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Oct 25, 2011

Eternal rivalry yet similar directions

In the final minute of injury time, Miroslav Klose brought a pass from Matuzalem under control and had the time, quality and nerve to slot his side-footed shot past the Roma goalkeeper.

The German international's fourth goal of the season a week ago - his sixth in eight games since joining the Biancocelesti - helped his Lazio side come from behind to end ten-man Roma's series of five consecutive wins against their crosstown rivals, stretching back to April 2009. The Rome Derby is quite simply the biggest rivalry in Italian football, its passion and polarising effect are unsurpassed by any other in Serie A.

It is most certainly the most fervently contested, both on the pitch and in the stands where the game has historically been marked by huge crowds, violence and never seems able to pass without incident. It is a tie packed with the sporting, historical and political tensions that combine in most of football's truly great rivalries.

The glamour, prestige and history of the derby's Milanese counterpart is often held up as being the embodiment of everything Calcio, yet the game has far less meaning than when Roma and Lazio go head to head. Perhaps it is due to the relative lack of success from the two capital clubs; where Milan and Inter can cover a loss to their neighbours with the Scudetto or even a Champions League win, victory in the Derby della Capitale is often the highlight of a season for its two protagonists who between them share just five league titles.

Yet this season, perhaps more than ever, Roma and Lazio represent two very different and diametrically opposed approaches - both in terms of the changes made on the field and the decisions taken away from the pitch - as they look to the future. Watching their progress thus far this term shows each needs to make improvements in a number of areas, but there are also a huge number of positives to be taken.

Roma have completely overhauled since the arrival of new owner Thomas Di Benedetto, new sporting director Walter Sabatini working intelligently and quickly to provide Luis Enrique with a squad of players tailored to his needs. As if to highlight just how great the changes have been, only two players - Daniele De Rossi and Simone Perrotta had previously played in a derby match prior to this latest encounter.

The signings of Gabriel Heinze, Simon Kjaer, Jose Angel and, perhaps most essentially, Dutch goalkeeper Maarten Stekelenburg were important, as the solidity they provide allow the team to play in the manner demanded by the Spaniard.

Luis Enrique has turned his team from pragmatists under Claudio Ranieri, to one that places its belief in a passing fluidity unseen on the peninsula and a system that demands constant movement from the players to maximise and exploit the spaces created. Roma stumbled early, losing their first match at home to Cagliari but went on to record wins over Parma and Atalanta, leading to some extremely premature calls for Luis Enrique to be replaced. But beyond the results is a team playing some very attractive football, moving the ball around beautifully and getting highly positive contributions from Pablo Osvaldo, Miralem Pjanic and Bojan Krkic.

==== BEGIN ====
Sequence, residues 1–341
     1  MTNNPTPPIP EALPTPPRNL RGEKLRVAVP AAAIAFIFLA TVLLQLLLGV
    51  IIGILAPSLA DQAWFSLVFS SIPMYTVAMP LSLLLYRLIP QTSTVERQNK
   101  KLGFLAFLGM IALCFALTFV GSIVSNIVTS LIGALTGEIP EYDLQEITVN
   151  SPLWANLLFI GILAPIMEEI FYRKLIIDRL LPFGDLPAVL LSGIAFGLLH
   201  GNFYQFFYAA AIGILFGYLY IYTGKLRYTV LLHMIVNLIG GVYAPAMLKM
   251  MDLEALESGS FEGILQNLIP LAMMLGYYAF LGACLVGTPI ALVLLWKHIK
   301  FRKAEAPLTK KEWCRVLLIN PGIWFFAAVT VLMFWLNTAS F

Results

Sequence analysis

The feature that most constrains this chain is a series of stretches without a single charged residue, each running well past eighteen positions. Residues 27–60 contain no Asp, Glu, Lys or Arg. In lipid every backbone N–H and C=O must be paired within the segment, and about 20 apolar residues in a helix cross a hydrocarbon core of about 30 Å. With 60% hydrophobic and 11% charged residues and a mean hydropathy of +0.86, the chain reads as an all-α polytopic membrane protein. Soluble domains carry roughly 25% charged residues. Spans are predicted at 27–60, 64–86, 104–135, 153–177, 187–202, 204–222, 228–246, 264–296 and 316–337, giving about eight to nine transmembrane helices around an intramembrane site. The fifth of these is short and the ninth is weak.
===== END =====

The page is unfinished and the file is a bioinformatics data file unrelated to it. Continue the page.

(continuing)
The Giallorossi faithful impatiently awaited the debut of exciting Argentinian talent Erik Lamela but he delivered in full this past weekend, scoring the only goal of the game in their win over Palermo to further endear himself with his new fans and stir much press hyperbole.

What is clear is there are a plethora of players able to play the possession based attacking football the coach demands. The fans famously declare their 'No Totti, no party' belief, but that win in Sicily - added to what we saw last Sunday evening in his absence with Pjanic deployed much deeper than the iconic captain would have been - allows far greater freedom of movement from Osvaldo and Bojan in what must be considered a small glimpse of the teams future.

Across town - in stark contrast with the sweeping changes at Roma but again in a complete break with their own traditional state of constant turmoil - Lazio have stabilised under Edy Reja. The coach has benefited from a sound transfer strategy, again something normally alien during Claudio Lotito's reign in charge of the club. They may have lost important players in Fernando Muslera and Stephan Lichtsteiner, but they were replaced intelligently as Federico Marchetti and Abdoulay Konko arrived. In addition, the squad was strengthened massively through the captures of Klose and Djibril Cissé, the goal scorers so clearly missing last season.

Perhaps their best piece of transfer business this past summer however was in retaining the services of Brazilian playmaker Hernanes, a man whose creativity, vision and invention made him comfortably the club's stand-out player last season. He was also a key figure in last weekend's derby, scoring a penalty to bring Lazio level at 1-1 following the game-changing dismissal of Kjaer early in the second half.

The win, added to the more recent triumph over Bologna, moved Lazio up to second in the table and to within a point of the leaders while Roma now sit sixth but are just three points behind their rivals. While it was pleasing to see Zdenek Zeman proved wrong after he stated his belief that the derby is "better to watch the stands than the pitch, as that is where the real spectacle lies", it is also true that one game between these two old foes proves nothing.

While Serie A's traditional powerbase lies in Milan and Turin, those northern teams must begin to pay much closer attention to a capital-based duo. The new-look Roma and a now stable Lazio look set to be challenging the top of the Serie A table all season.

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